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Sen. Smith vs. Uncle Luke: the perils of black politics, blogging, Stand Your Ground and being Mr. "Smith"

@MarcACaputo

SmithBeware of looking up legislative votes. It's a tricky business. Especially if you're going to go after someone with the last name of Smith.

Luther Campbell, the rapper-turned-media-figure-turned-commentator, learned that Tuesday when he plugged a new Twitter handle, @UncleLukesEmpir, that linked to this scorching blog post on his lukerecord.com website: Barack Obama Needs to Raise Money to Nail Sorry Black Politicians.

The post is a good example of the strong emotions in the black community over George Zimmerman's acquittal in shooting Trayvon Martin, and it underscores a focal point of the outrage: the Stand Your Ground self-defense law. Campbell offered to target those African-American pols who should be on a political "hit list" for having voted for Stand Your Ground in 2005:

"I'll start with U.S. Rep Frederica Wilson and state Sen. Chris Smith, two South Florida African-American pols who voted for the controversial law in 2005. Wilson, who at the time was a state senator, and Smith now claim they would have voted differently because they never imagined someone would invoke Stand Your Ground to kill an unarmed 17-year-old black boy."

Oops.

Those of us who covered Tallahassee at the time knew there was a problem with that: Smith voted against Stand Your Ground.

So I trolled Uncle Luke on Twitter (repaying the favor for his sometime-Miami Herald bashing) and noted the error by including a link to the vote sheet. Smith was more-circumspect in his Tweet that followed: "Please check your records, I argued against and voted against Stand Your Ground in 2005."

But whoever was manning @UncleLukesEmpir wasn't ready to give in and made the mistake of compounding the error. "Smith is yr name, I see a Y. This is the government site Stop misleading the people," the reply read, providing a link to the state Senate vote.

Oops.

Wrong chamber. Wrong Smith.

Sen. Smith Tweeted back: "I was in the house of representatives. You are looking at The Senate. Please educate yourself."

The current Fort Lauderdale senator, the Democrats' leader in his chamber, is right.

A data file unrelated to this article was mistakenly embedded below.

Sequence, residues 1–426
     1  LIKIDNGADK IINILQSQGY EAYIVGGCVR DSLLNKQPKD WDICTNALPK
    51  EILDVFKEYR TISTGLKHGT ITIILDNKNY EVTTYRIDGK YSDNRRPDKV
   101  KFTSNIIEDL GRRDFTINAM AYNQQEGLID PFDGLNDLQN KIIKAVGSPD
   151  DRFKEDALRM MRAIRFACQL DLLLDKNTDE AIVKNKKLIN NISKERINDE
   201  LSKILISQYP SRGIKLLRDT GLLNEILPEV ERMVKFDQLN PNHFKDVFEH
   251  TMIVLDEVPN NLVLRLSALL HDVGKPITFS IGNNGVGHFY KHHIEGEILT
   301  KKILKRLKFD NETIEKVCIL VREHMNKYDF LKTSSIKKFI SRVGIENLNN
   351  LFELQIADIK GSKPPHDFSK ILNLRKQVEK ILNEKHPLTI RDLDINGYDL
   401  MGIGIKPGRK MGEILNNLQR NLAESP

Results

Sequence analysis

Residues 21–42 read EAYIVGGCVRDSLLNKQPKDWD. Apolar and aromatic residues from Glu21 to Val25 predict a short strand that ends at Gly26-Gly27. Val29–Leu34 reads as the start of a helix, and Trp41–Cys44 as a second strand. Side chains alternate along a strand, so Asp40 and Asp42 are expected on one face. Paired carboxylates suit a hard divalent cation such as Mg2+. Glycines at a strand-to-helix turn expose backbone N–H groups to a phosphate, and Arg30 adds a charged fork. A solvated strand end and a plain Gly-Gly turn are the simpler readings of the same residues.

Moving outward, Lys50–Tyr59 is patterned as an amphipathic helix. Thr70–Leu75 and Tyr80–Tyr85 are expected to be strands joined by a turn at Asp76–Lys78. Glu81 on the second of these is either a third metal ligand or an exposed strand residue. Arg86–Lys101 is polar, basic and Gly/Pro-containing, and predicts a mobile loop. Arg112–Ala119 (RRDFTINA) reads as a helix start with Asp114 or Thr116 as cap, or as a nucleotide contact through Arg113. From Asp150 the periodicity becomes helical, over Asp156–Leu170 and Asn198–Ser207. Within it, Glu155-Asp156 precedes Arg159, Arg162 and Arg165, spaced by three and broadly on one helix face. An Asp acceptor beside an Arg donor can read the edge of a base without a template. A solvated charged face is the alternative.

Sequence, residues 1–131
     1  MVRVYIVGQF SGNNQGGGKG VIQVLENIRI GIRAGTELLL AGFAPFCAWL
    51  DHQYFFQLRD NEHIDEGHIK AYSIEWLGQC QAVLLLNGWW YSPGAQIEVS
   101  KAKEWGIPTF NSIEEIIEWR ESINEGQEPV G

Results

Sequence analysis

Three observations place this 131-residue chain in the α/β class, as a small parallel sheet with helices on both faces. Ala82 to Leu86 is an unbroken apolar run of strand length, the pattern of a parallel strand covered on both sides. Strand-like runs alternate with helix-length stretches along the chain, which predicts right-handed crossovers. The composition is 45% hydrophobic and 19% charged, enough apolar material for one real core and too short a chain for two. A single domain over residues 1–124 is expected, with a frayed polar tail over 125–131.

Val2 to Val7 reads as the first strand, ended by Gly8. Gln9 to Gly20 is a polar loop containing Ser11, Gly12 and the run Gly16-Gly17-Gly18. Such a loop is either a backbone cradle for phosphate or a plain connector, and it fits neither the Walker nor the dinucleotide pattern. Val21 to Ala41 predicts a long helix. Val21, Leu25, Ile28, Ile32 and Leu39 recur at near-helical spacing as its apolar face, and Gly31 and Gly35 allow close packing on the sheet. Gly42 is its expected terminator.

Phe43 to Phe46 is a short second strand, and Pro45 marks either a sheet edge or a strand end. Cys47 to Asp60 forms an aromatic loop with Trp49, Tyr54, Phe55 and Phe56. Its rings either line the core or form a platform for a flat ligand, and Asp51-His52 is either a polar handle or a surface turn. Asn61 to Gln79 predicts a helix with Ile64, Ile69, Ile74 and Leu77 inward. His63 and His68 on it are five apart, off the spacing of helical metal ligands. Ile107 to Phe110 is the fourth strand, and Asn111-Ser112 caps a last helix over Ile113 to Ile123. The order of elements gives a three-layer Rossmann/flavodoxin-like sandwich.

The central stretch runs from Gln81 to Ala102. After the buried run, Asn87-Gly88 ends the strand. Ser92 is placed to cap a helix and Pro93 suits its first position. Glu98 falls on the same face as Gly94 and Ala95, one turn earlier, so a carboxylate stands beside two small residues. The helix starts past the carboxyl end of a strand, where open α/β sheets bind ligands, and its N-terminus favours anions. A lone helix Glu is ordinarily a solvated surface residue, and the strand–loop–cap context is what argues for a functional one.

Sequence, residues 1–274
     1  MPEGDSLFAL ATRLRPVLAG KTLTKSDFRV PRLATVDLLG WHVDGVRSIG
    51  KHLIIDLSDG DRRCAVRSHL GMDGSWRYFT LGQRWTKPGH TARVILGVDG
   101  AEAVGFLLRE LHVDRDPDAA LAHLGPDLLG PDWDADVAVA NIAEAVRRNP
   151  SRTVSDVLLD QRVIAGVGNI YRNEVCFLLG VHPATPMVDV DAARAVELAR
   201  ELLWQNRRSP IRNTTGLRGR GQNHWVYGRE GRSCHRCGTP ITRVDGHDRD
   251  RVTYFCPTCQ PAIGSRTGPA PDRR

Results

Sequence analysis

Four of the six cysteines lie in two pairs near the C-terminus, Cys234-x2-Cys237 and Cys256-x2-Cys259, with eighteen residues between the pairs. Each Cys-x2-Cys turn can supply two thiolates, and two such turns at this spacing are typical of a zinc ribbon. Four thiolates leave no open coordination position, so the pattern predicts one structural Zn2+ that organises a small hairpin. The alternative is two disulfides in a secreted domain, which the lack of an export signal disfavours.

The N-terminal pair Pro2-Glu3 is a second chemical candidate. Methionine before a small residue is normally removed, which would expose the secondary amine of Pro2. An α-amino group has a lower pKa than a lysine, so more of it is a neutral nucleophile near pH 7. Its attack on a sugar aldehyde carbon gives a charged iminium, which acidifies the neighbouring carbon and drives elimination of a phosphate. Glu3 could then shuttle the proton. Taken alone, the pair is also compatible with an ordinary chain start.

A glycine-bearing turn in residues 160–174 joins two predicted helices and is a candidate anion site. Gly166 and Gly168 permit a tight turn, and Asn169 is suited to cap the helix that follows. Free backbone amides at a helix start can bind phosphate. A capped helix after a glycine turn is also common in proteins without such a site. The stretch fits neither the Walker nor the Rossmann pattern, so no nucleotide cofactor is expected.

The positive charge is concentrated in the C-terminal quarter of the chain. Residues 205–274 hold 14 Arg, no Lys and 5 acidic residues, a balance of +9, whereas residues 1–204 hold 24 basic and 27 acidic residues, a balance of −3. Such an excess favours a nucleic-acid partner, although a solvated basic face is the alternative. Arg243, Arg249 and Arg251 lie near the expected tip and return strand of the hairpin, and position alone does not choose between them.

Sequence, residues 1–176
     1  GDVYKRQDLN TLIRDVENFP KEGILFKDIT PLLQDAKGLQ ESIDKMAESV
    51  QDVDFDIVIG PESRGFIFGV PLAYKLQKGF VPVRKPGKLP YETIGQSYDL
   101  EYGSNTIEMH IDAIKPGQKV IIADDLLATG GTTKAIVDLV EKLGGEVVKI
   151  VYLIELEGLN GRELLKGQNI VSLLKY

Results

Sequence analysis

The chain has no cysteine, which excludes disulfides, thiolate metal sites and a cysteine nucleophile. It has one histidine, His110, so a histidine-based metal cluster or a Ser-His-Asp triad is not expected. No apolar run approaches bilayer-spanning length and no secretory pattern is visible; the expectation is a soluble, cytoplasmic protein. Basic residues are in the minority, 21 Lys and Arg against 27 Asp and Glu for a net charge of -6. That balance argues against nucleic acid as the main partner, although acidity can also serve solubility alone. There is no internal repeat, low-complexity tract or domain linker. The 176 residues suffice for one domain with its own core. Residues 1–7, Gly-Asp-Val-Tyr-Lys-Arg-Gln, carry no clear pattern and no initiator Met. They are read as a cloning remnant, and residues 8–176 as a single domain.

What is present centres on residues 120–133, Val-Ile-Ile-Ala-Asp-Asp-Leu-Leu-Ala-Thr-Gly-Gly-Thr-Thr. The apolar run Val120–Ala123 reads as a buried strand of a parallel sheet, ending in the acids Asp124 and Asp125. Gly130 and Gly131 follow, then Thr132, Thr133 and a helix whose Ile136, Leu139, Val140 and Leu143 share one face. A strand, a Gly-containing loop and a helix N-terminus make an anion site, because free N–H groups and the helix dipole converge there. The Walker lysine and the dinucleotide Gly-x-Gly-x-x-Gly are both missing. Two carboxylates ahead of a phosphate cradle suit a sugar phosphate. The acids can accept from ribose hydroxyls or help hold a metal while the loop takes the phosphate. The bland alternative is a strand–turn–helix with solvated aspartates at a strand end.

In 2005, Chris Smith was a state representative. The Smith in the state Senate was Alachua Democrat Rod Smith, who seldom met a gun-rights bill that he didn't back. Smith, who went on to unsuccessfully run for governor and then lieutenant governor and then served as Florida Democratic Party chair, helped persuade his colleagues in the state Senate to vote for the Stand Your Ground bill (which includes now U.S. Rep. Frederica Wilson).

Smith told The Herald he called Campbell.

"I was like, dude! I’ve got every 2 Live Cru album in my house! Why is Uncle Luke getting into a Twitter war with me?" Smith said.

The real Campbell, Tweeting from his @unclelukereal1 handle, acknowledged the error. First he told me that and said his staff would get "an earful." I noted he'd definitely get us back when we screw up. Campbell's response: "you know I will lol only person over there get the pass is Jackie Charles." (He also referenced "Audra," which probably refers to Audra Burch).

Campbell then manned up some more: "in my blog today I said that representative Smith voted for standing your ground I was incorrect he an 5 others voted no." (Not sure what the "5" is. Six other black House lawmakers were part of the 20 total no votes, all from Democrats.)

Smith appreciated it. Welcome to blogging about national politics, Uncle Luke.

Comments

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Dominic Benchilio

That is too funny, but also so typical of all 21st Century Americans with an Internet connection. The outrage is faster than the keystrokes. Too bad though, because his point is still valid, what with the entire Senate Black Caucus (minus Mandy Lawson who had an excused absence) supporting it. Those folks would be: Tony Hill, Larcenia Bullard, Al Lawson, Les Miller, Gary Siplin, and -- my favorite of all -- Frederica Wilson, already mentioned by Mr. Campbell. But we all knew that anyway since the bill passed unanimously in the senate.

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